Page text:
Wednesday, 1 August 2012

Gemma: Things to be grateful for

It is not easy in the aftermath of losing a child to be positive; in fact much of the time I found it hard to find anything to be positive about at all. Most of my waking moments were filled with sadness, anxiety and empty words rattling around in my head "My baby has died, Isaac had died".

I am a year on and I am conscious that I cannot sit in sadness forever; although that is something that would be easy to surrender too. To stop the exhausting battle and daily grind and simply sit down and say "No more, No more".

I have battled with anger throughout my grieving process, while my husband understands my on-going sadness I can see that friends and family start to tire of my constant referrals to Isaac; a friend brightly said to me the other day "you can’t be sad forever" and while I know she meant well, it was clear that she simply didn't understand the nature of my grief. I feel like speaking in much the same was British people do in a foreign country - loud and slow. "I'll be sad forever, son still dead, me still sad" in an effort to make people understand that this will never go away.

But in a way she is right; what she meant was I can't sit in my house waiting to feel better; waiting to get pregnant again and bring home a happy safe baby; it isn't healthy and it isn't fair to Isaac.

On Isaac's birthday I put a status up on Facebook and had the usual support from my friends and a lady commented that I must be special to have generated such support. I laughed when I read it; because I’m nothing special I'm just an ordinary person trying to get through as best I can.

When I think about it though; I may not think that I am anything special but people do. People care about me and love me; and my happiness is important to them and so I owe it to them, to try and find a way forwards. When I am sad Andy hates it and it visibly makes him sad too and I can see that it hurts my family and friends when I am low and so I owe it to them and to Isaac to try and sort through the sadness and find my spark again; it must still be there somewhere - It can’t have gone out completely.

Sometimes you need to stop focusing so completely on what you don't have and what you have lost and just take a few moments to look around and see what you do have. "I have nothing" doesn't wash with me because I do have so much to be grateful for.

Losing Isaac has been horrific but so far it has made Andy and I closer than ever, we are more open with each other, kinder to each other and more sensitive. We make more quality time for each other and take timeout to appreciate the things that made us fall in love with each other; and recognise the new qualities that life has added.

Our mutual loss has also meant that we will appreciate the children we go on to have all the more; we will be grateful for the sleepless nights, for the nappies that need changing. I am hopeful I will be a more patient mother and I know without a doubt Andy will be a more doting father (which I suspect will be very doting!)

Surely to the fact that we have experienced fertility problems will also make us better parents? More thankful and attentive, we will never take our children for granted and will always realise the gift that they are.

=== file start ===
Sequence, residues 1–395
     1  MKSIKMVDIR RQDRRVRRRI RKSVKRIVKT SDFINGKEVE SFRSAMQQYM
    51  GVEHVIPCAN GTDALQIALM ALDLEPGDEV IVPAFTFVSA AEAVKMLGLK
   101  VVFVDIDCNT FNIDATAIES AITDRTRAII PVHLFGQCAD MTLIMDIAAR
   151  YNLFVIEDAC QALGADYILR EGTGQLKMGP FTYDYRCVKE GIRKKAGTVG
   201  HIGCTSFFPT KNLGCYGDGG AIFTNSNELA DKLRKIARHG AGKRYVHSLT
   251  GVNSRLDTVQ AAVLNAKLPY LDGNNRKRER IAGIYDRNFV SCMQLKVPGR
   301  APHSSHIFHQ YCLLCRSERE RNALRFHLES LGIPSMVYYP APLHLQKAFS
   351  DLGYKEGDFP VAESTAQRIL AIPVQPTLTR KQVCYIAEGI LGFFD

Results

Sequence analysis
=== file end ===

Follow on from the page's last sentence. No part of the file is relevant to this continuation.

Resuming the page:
I have made through my loss some friends, here on this blog I have Nicole and Claire to bounce ideas off and concerns, I have found a closer and more suitable place to keep my horse for now and I have found a balance in myself that I was missing before; a stillness.

The one thing as a baby loss mother that I often forget to be grateful for is that I conceived him, I carried him. So many women will never know the joy of their baby growing inside of them, their first movements, the first time you hear their heartbeat or see them on your scan.

It is hard not to be pregnant and to be a mother without a living child; it upsets some baby loss mothers that I say this and yet it is for me an unavoidable fact. I am in theory a mother and yet to tick the box how many children in the household, to say I have no children to raise is hard, impossibly hard and yet recently I have had to step back and realise that this in itself may have been a blessing. I didn’t have to put on a brave face for my little person while I was grieving for a brother or a sister they had lost, I was able to fall down and not have to hide my sadness from my children.

Isaac was my first born child and as such his memory will live on and on forever, when I conceive and have my rainbow baby grow inside my belly I will know how it feels and be prepared. I will go through labour having done it before and I will watch my children grow and imagine Isaac running and growing alongside them; loving them better because he lived. I will get up to wipe away the tears and know Isaac never shed a single tear, never cut his knee and never had a bad dream.

Tomorrow I get my results back and I will understand what my chances of conceiving again are; I will have an expectation of when, not if I can expect to conceive my rainbow baby and I am hopeful it will be soon. I am so thankful that I had Isaac, to know that I can do this; I have done this before and I can do it again and give him a brother or sister. I know that as my family increases and grows that he will remain with us and guide us and mould us into better parents, and better people.

1 comment:

  1. I think this post is amazing, so open and honest. I think that you're right, I find it's easy to forget how lucky I was to have carried my son at all, because the loss is all-consuming. But when I can remember it, I feel truly blessed xxx